Marc Parry has written a long profile of me, this blog, and my work and activism in the Chronicle of Higher Education.
The Salaita Affair has riveted academe. One story line that has drawn less attention is the role played by Mr. Robin. For more than a month, the professor has turned his award-winning blog into a Salaita war room, grinding out a daily supply of analysis, muckraking, and megaphone-ready incitement.
“A lot of people see him as an intellectual leader,” says Michael Kazin, a professor of history at Georgetown University and co-editor of the magazine Dissent. “He can be counted on to battle people.” (Those people include Mr. Kazin, who crossed swords with Mr. Robin last year when Mr. Kazin published an article critical of academic anti-Israel boycotts.)
Mr. Robin is something of an odd fit for his current role.
Although people constantly ask him to speak about the Israel-Palestine question, he turns down the invitations because he does not consider himself an expert on the subject. His current scholarship focuses on the political theory of capitalism. His last book, The Reactionary Mind (Oxford University Press), was a much-debated collection of essays about conservatism.
And although he has been lauded as the “quintessential public intellectual for the digital age,” Mr. Robin is really something of a technology dinosaur.
The professor does not own a smartphone. He flees the Internet by riding New York’s subway trains for four hours at a time after dropping off his 6-year-old daughter at school or camp. He devotes these trips to reading: ”Schumpeter in Queens, The Theory of Moral Sentiments in the Bronx, Hayek in Brooklyn,” as he wrote in one post.
Like an addict, Mr. Robin tries to set boundaries for his habit. For instance: No blogging first thing in the morning. That way the process won’t eat up his whole day.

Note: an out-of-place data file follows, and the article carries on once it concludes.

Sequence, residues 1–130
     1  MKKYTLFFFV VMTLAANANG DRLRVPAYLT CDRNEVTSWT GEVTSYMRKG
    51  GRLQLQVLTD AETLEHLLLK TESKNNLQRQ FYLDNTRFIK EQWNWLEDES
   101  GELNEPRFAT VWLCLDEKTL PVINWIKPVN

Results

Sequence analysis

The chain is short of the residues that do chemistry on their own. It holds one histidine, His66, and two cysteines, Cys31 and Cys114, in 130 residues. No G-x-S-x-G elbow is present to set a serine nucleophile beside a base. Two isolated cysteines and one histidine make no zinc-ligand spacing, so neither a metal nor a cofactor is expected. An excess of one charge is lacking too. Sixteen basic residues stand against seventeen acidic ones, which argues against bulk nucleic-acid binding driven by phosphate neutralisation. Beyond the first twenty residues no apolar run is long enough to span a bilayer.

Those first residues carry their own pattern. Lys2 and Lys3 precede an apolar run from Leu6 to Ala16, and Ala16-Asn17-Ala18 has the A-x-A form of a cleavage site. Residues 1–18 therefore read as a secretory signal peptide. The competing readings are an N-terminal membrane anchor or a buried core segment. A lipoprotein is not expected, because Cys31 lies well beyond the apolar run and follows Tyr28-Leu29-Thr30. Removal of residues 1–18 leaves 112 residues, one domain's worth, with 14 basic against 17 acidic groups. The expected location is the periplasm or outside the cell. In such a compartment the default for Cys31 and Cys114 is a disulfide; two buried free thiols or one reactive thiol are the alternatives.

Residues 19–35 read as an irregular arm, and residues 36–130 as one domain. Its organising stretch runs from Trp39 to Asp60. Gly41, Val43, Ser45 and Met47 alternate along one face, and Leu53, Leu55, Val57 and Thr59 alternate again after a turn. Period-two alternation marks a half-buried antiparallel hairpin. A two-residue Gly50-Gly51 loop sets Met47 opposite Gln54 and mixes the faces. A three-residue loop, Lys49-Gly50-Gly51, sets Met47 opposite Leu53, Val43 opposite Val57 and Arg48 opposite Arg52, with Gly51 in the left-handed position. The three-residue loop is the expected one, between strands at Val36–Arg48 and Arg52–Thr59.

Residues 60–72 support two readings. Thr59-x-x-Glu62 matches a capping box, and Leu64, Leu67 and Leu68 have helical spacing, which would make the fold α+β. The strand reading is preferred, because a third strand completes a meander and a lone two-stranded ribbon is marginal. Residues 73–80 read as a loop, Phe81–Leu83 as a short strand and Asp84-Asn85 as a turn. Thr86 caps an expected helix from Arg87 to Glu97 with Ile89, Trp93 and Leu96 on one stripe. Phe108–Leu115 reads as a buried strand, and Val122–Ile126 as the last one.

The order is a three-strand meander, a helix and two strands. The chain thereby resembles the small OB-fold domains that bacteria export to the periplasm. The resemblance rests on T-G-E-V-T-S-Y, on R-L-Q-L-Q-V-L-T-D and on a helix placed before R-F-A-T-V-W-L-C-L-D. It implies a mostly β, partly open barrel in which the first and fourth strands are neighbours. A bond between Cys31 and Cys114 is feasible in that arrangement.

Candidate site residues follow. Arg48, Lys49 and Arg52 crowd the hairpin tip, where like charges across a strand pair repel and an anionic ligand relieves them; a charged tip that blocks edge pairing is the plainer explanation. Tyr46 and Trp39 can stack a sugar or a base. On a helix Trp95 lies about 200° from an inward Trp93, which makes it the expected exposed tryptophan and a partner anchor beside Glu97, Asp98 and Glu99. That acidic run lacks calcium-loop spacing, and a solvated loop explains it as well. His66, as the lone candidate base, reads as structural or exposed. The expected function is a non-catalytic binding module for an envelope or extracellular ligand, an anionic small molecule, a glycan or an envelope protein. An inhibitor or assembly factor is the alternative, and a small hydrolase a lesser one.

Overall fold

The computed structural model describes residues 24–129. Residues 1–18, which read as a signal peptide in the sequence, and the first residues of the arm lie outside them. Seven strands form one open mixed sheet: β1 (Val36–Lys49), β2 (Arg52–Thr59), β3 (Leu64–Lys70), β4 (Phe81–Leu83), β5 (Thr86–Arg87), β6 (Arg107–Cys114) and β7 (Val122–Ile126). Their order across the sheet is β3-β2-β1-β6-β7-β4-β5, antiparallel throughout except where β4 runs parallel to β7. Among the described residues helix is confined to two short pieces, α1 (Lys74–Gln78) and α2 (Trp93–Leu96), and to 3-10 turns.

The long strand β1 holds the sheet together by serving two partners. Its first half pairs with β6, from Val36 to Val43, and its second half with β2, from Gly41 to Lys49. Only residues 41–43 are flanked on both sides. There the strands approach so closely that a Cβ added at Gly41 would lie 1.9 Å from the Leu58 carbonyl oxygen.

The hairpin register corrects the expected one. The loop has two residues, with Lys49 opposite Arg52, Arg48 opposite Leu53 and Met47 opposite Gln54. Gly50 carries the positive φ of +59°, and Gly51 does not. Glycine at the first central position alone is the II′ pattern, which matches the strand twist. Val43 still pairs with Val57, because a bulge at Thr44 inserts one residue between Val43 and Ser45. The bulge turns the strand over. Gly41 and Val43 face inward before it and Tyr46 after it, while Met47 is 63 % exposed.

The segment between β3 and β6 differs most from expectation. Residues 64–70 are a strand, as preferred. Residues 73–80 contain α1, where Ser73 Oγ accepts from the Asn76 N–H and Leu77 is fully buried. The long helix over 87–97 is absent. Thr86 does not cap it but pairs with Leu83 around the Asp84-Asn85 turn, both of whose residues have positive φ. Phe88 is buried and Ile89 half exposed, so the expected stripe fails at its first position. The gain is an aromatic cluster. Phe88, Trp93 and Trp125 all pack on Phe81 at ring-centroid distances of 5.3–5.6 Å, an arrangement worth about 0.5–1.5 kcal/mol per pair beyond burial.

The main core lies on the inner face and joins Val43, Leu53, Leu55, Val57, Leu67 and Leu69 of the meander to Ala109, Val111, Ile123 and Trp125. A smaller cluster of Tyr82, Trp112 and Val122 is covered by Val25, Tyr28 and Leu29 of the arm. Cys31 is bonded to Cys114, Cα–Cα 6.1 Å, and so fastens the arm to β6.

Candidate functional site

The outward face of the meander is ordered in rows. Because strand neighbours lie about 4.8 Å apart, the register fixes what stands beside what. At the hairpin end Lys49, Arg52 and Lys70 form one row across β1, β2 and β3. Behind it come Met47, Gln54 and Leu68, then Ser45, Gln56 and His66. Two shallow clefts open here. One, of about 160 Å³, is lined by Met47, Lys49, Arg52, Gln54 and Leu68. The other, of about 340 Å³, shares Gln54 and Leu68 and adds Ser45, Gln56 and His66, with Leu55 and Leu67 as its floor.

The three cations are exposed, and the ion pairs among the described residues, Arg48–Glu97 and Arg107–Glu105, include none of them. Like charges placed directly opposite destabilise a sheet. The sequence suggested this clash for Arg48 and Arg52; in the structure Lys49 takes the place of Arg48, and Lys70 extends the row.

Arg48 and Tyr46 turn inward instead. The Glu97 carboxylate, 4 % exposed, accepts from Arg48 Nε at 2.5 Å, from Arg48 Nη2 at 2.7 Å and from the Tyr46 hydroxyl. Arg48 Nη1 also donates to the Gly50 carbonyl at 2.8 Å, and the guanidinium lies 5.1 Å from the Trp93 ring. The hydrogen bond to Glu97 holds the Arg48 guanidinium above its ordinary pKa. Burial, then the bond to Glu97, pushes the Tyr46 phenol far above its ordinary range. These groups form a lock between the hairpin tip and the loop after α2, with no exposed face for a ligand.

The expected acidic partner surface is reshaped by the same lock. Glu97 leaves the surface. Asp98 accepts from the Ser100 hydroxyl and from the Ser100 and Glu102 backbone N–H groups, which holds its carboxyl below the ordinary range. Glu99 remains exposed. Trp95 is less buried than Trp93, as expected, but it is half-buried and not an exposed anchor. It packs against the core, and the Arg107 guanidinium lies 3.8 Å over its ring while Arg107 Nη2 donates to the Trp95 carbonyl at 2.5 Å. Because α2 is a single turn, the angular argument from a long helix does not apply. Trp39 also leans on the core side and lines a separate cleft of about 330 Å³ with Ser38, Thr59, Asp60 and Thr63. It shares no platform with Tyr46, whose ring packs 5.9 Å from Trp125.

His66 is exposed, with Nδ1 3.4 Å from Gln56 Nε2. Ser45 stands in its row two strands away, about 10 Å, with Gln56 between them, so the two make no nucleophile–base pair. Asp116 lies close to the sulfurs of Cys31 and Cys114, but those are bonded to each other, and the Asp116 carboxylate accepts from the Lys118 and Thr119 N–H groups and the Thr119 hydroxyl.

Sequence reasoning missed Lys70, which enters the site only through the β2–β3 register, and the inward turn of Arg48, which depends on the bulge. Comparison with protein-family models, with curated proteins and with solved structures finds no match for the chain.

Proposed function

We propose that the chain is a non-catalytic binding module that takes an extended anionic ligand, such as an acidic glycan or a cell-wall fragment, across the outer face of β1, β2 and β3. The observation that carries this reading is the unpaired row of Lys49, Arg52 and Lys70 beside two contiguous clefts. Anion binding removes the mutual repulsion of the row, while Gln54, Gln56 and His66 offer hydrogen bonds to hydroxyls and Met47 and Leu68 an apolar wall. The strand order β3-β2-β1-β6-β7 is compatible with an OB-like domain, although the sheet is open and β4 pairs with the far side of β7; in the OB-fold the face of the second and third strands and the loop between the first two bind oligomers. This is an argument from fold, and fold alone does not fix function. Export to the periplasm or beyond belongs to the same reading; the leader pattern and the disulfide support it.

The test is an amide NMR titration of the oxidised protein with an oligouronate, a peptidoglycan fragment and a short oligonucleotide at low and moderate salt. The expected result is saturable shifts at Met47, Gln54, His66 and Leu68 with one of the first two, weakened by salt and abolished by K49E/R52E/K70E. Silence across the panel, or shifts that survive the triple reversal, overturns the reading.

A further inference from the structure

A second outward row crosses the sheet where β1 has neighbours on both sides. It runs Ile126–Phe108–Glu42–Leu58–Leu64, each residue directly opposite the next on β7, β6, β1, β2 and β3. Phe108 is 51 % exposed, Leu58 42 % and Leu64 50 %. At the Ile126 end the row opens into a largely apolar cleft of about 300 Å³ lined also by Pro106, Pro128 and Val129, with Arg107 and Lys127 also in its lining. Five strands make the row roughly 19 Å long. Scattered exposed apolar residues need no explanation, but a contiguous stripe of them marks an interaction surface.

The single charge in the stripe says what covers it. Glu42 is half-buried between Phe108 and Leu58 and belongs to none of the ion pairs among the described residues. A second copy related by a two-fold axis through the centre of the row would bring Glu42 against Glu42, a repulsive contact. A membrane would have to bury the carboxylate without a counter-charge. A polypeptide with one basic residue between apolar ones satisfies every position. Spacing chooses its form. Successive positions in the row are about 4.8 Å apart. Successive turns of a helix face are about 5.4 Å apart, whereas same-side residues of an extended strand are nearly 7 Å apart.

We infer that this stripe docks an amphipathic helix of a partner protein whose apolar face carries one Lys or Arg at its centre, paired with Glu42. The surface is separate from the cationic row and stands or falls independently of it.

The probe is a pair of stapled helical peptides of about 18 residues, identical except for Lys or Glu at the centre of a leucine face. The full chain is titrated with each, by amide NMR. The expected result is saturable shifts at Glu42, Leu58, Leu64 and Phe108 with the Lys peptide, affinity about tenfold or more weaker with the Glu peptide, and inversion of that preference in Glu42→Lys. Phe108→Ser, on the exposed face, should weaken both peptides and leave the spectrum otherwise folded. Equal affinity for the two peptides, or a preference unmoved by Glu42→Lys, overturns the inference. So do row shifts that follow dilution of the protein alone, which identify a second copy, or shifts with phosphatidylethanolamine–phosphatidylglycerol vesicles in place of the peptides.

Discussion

“I’m always telling myself, ‘OK, this is the last day I’m blogging,’” Mr. Robin says.
When I arrived at his apartment for an interview around noon one day this week, he had already violated his no-blogging-in-the-morning rule. Twice.
Mr. Robin can be a pugnacious online presence. During the BDS donnybrook, for example, he ripped a former student, Jumaane D. Williams, who had gone on to become one of the City Council members critical of the event. “U took my class on civil liberties,” Mr. Robin wrote in a series of tweets directed at Mr. Williams. “Pressure from govt officials on campus speech is ok? That’s what U learned?”
In person, though, he comes off as polite and cool-headed (mostly). The professor is a compact man with rosy cheeks and light brown hair that falls over his forehead; on the day of our interview, he wore a wrinkled white shirt and dark slacks, which gave him the look of an off-duty waiter.
Recent years have radicalized his views on the role of the academy in Israel debates. Previously, he didn’t have a position on BDS and even sympathized with critics who questioned the relevance of such boycotts. He now supports the movement. “I think the academy actually is quite important on the Israel debate,” he says.
In the Salaita case, Todd Gitlin faults Mr. Robin for failing to engage with the substance of Mr. Salaita’s tweets, at least as far as Mr. Gitlin has seen. Mr. Gitlin, a professor of journalism and sociology at Columbia University, points to this Salaita tweet from July: “There’s something profoundly sexual to the Zionist pleasure w/#Israel’s aggression. Sublimation through bloodletting, a common perversion.” As Mr. Gitlin views it, “Salaita crossed the line from incivility to rank hatred.”
Mr. Robin has actually blogged about one of the most potentially offensive tweets. More broadly, though, he acknowledges “deliberately not engaging in the content.”
As he explains why, he seems on the verge of exploding.
“Todd Gitlin and I could go back and forth for days,” he says. “Parsing tweets! Like, tweets! Tweets!”
“The serious thing to do is to figure out what’s actually happening,” he says. “An outspoken critic of Israel, speaking in an inflammatory way about it, being punished and drummed out of the academy—that’s what’s happening.”
Getting into the details of the tweets, he says, is “missing the forest for the trees.”
Wished I had remembered, when I was talking about why universities and academics like Steven Salaita get targeted in the Israel/Palestine debate, that I had remembered this, from Hobbes’s Behemoth:
The core of rebellion…are the Universities; which nevertheless are not to be cast away, but better disciplined.